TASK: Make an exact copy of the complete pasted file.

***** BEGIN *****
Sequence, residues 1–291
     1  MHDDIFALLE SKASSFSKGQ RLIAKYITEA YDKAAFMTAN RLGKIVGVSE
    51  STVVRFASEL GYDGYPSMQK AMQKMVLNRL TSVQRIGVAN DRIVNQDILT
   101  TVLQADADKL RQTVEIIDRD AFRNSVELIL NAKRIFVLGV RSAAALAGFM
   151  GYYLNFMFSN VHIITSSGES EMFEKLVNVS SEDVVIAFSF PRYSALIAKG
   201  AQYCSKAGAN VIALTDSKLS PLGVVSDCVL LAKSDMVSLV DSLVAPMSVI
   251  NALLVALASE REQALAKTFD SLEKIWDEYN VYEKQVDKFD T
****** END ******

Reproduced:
Sequence, residues 1–291
     1  MHDDIFALLE SKASSFSKGQ RLIAKYITEA YDKAAFMTAN RLGKIVGVSE
    51  STVVRFASEL GYDGYPSMQK AMQKMVLNRL TSVQRIGVAN DRIVNQDILT
   101  TVLQADADKL RQTVEIIDRD AFRNSVELIL NAKRIFVLGV RSAAALAGFM
   151  GYYLNFMFSN VHIITSSGES EMFEKLVNVS SEDVVIAFSF PRYSALIAKG
   201  AQYCSKAGAN VIALTDSKLS PLGVVSDCVL LAKSDMVSLV DSLVAPMSVI
   251  NALLVALASE REQALAKTFD SLEKIWDEYN VYEKQVDKFD T